The Supreme Court’s 1973 decision in Roe v. Wade legalized abortion–but the debate was far from over, continuing to be a political battleground to this day. In the decades since the case was decided, the American debate on abortion has moved away from the issues that the justices confronted more than three decades ago. Bringing to light key voices that illuminate the case and its cultural context, Before Roe v. Wade looks back and recaptures how the arguments for and against abortion took shape as claims about the meaning of the Constitution—and about how the nation could best honor its commitment to dignity, liberty, equality, and life.
In this ground-breaking book, Linda Greenhouse, a Pulitzer Prize-winning journalist who covered the Supreme Court for 30 years for The New York Times, and Reva Siegel, a renowned professor and former deputy dean at Yale Law School, collect the most significant historical, cultural, and legal documents which helped shape the Supreme Court’s controversial decision.
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About the Author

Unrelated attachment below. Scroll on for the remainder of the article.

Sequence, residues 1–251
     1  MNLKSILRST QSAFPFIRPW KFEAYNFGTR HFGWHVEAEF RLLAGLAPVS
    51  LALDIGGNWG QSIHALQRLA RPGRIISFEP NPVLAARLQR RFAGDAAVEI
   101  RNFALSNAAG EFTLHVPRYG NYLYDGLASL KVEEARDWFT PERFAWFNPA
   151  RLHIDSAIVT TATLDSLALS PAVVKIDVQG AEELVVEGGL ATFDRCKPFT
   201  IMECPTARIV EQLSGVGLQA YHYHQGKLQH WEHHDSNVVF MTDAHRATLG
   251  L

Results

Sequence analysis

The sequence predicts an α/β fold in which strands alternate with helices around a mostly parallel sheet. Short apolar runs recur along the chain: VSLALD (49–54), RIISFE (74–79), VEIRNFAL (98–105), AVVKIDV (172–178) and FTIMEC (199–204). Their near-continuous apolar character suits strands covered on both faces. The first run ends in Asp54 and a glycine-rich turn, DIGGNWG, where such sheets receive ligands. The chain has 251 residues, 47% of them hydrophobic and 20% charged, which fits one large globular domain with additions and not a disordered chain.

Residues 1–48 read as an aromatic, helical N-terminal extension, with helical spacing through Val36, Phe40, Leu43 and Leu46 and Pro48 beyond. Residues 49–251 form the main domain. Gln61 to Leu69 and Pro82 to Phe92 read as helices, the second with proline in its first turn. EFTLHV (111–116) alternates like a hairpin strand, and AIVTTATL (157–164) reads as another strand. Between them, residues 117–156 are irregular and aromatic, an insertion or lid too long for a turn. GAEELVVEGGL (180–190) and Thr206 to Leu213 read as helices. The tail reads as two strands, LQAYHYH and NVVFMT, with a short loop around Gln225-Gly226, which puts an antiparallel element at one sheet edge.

Linda Greenhouse began covering the Supreme Court for The New York Times in 1978. With the exception of two years during the mid-1980's, during which she covered Congress, she served as the paper's regular Supreme Court correspondent until 2008. Previously, she covered local and state government and politics for the Times in New York, and was chief of the newspaper's legislative bureau in Albany. She has appeared as a Washington Week panelist since 1980.
She is a graduate of Radcliffe College, where she currently serves on the advisory committee to the Schlesinger Library on the History of American Women. She earned a Master of Studies in Law degree from Yale Law School, and has several honorary degrees.
For her coverage of the Court, she was awarded a Pulitzer Prize in Journalism (beat reporting) in 1998. In 2004, she received the Goldsmith Career Award for Excellence in Journalism from the Kennedy School of Government at Harvard and the John Chancellor Award for Excellence in Journalism from the Annenberg School for Communication at the University of Pennsylvania.
Reva Siegel is the Nicholas deB. Katzenbach Professor of Law at Yale University. Her publications include The Constitution in 2020 (edited with Jack Balkin, 2009); Processes of Constitutional Decisionmaking (with Brest, Levinson, Balkin & Amar, 2006) and Directions in Sexual Harassment Law (edited with Catharine A. MacKinnon, 2004). Professor Siegel received her B.A., M.Phil, and J.D. from Yale University, clerked for Judge Spottswood Robinson on the D.C. Circuit, and began teaching at the University of California at Berkeley. She is a member of the American Academy of Arts and Sciences, and is active in the American Society for Legal History, the American Association of Law Schools, the American Constitution Society, in the national organization and as faculty advisor of Yale’s chapter.